The Montreal Canadiens quest to tie the NHL record for most consecutive wins to start an NHL season came to a grinding halt this past Tuesday with a 5-1 loss to the Vancouver Canucks. Vancouver goaltender Ryan Miller might have had extra incentive to win that game, given his 2006-07 Buffalo Sabres team is one of the two teams to hold the current NHL record.
In the process, Miller and his Canuck teammates also brought a rare piece of positive news for Toronto Maple Leafs fans who are enduring a difficult start for their blue and white charges. The other team that will continue to share the record is the 1993-94 Maple Leafs.
Fresh from their memorable playoff run in the spring of 1993, the Leafs opened the next season with a 6-3 win over the Dallas Stars on October 7. Dave Andreychuk scored twice while singles went to Nikolai Borschevsky, Wendel Clark, Todd Gill and Rob Pearson. The Leafs would not lose another game in their next nine contests, spanning a period of 23 days. There was still a great Leaf buzz on the Toronto sports scene, but this record breaking streak was taking a bit of a back seat to the Toronto Blue Jays playoff run towards a second consecutive World Series.
Six of the Leafs’ 10 wins came on the road. The first four were one-goal victories, 2-1 in Chicago on October 9, then 5-4 in Philadelphia on October 10, 2-1 in Detroit on October 16 and 4-3 in Florida (with Rob Pearson scoring the game winner in overtime) on October 21.
The Leafs were a loose and confident group as they moved from Florida to play Tampa Bay on October 23. The Florida win was the only overtime game the Leafs had and the only time Damian Rhodes played goal instead of starter Felix Potvin during the streak.
Mark Osborne scored both goals in a 2-0 win over Tampa as Potvin recorded his only shutout during that streak. The team was in a hurry to get back to the Tampa hotel after the game to try and catch some of the Game 6 action of the World Series. There were no cell phones or electronic devices that could provide any baseball updates.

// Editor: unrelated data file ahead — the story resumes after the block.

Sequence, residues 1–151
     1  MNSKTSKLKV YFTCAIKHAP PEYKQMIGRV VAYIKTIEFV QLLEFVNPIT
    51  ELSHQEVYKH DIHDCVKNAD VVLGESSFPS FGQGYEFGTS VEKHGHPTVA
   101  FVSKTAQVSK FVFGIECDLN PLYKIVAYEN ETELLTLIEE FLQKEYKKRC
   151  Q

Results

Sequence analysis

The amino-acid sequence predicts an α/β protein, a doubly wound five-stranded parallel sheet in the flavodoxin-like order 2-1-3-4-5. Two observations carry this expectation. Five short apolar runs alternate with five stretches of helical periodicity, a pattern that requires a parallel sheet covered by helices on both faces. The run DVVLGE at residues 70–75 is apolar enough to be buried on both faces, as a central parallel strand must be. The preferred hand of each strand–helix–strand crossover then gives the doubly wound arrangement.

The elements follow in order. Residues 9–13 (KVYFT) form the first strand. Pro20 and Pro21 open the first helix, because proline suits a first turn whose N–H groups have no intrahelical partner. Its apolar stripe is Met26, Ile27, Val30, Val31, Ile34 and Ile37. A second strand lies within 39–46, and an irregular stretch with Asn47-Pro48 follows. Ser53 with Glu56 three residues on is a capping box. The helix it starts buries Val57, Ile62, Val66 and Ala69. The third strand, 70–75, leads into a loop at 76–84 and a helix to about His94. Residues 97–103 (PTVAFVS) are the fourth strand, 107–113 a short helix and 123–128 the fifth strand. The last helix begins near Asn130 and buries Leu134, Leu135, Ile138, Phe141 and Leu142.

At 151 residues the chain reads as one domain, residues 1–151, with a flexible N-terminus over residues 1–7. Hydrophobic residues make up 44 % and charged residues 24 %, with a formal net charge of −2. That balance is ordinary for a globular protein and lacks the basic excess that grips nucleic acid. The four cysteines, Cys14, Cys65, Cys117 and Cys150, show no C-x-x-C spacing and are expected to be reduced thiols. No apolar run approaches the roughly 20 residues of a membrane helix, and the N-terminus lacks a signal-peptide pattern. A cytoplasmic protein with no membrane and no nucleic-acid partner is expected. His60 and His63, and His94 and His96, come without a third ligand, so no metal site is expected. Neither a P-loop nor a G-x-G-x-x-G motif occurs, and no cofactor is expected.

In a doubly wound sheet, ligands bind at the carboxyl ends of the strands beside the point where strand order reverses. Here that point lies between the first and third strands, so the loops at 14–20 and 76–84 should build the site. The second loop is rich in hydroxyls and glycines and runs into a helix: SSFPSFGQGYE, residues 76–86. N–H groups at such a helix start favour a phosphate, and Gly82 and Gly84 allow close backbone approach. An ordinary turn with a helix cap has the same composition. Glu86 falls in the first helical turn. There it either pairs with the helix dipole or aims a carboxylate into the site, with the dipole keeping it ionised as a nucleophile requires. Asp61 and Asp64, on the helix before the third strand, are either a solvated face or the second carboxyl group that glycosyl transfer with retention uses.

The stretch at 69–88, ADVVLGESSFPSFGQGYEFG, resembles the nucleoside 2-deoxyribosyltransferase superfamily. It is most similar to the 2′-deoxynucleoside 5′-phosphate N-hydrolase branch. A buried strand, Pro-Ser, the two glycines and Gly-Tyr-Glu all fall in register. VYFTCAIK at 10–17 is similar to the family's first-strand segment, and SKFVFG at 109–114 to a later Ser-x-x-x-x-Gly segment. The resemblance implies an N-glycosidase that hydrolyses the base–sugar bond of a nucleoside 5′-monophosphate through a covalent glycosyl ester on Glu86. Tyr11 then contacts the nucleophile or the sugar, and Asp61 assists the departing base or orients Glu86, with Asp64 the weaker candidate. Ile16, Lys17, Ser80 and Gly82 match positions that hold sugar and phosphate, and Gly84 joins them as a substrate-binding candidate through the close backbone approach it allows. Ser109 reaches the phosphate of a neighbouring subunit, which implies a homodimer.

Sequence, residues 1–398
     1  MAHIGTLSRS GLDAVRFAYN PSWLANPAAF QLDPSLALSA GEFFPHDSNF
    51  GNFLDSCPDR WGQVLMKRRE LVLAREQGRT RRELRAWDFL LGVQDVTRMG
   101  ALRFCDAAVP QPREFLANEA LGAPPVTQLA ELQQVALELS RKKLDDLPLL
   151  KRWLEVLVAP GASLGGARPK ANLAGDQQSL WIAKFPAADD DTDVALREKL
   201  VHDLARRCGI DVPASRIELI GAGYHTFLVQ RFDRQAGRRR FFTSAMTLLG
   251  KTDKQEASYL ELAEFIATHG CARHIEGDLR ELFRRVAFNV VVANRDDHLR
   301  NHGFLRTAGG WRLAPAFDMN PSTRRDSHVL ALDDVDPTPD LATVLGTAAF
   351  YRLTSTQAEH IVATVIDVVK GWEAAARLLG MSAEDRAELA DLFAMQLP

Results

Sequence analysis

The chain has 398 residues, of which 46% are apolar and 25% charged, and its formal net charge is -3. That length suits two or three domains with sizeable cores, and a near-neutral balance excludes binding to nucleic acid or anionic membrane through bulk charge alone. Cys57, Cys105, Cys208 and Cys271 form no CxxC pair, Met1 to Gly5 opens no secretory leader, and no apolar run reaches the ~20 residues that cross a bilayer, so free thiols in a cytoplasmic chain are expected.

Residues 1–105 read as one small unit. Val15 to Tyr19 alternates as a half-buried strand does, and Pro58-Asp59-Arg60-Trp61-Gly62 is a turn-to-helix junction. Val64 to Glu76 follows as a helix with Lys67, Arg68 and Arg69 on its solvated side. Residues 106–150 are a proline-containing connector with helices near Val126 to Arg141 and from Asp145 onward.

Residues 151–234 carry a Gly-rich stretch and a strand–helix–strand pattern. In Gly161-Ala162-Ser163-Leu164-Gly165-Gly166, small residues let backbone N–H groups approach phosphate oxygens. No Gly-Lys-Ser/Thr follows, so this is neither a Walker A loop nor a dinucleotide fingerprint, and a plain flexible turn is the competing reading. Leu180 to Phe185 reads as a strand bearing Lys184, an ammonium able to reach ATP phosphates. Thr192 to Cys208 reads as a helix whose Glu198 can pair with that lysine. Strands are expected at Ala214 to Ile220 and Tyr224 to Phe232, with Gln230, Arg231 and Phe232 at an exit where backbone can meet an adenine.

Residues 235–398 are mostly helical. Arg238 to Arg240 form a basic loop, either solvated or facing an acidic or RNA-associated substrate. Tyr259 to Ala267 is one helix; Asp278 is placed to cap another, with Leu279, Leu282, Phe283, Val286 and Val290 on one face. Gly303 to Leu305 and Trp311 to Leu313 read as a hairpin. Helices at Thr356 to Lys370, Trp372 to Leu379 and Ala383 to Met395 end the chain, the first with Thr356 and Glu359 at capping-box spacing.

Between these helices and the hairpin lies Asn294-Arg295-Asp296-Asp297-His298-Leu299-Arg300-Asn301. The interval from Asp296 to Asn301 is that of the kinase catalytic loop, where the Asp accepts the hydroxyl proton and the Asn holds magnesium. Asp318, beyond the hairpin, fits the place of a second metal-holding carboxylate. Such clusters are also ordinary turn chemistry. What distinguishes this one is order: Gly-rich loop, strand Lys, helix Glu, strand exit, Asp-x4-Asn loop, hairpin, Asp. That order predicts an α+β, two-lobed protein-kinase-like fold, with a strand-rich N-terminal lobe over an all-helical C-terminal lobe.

The team quickly rushed to the main floor bar area after arriving back at the hotel. The Jays were in the midst of a rally in the bottom of the ninth and as the Leafs huddled around the lone television set behind the bar, Joe Carter came to bat. A member of Leaf management loudly offered his baseball expertise from the back of the group, “this pinhead will never get a clutch hit.”
Carter promptly deposited a Mitch Williams pitch over the left field wall in Skydome and rounded the bases celebrating a walk off home run for a second consecutive Toronto Blue Jays World Series win.
While some were chastising the baseball acumen of the one Leaf executive, Pat Burns kiddingly talked about landing back in Toronto the next morning to a baseball-crazed city. “Hey everybody, we’re home…we’ve won nine games in a row…look over here…we’re home” to put in context where the streak ranked after a World Series victory.
The team returned to Toronto and then flew to Chicago a few days later for the 10th game. They beat Chicago for the second time that season, 4-2, in what was Chicago Stadium’s last season. Clark had two goals, Borschevsky one and Kent Manderville the other. Two days later Toronto’s streak ended with a 5-2 loss in Montreal.
They outscored their opponents 47–25 over those 10 games, averaging almost five goals scored per game. The Leafs had finished the 1992-93 regular season with a 20-6-2 record in their final 28 regular season games. Add the great start and the Leafs were 30-6-2 in the span of 38 regular season games, a winning percentage of .864, likely the most successful run in Leaf team history.
The Leafs went on to play just a bit above .500 hockey for the final 74 games of the 1993-94 regular season, finishing 43-29-12. They made it to the conference final once again, but were eliminated in five games by Pat Quinn’s Vancouver Canucks. It was another great run, but not the same as the playoff run in 1993. As a matter of fact, through some good seasons over the years, the Leafs have never been as good as they were in that stretch, which ended with the conclusion of the 10-game winning streak.
The Blue Jays playoff run this past season reminded me of what a great bunch of guys, on and off the ice, made up that Toronto Maple Leafs team 22 years ago, much like this current Blue Jay squad.
I am especially pleased that the streak remains for the two guys who can no longer cherish and celebrate it, the late Peter Zezel and coach Pat Burns. Your legacy continues for another year!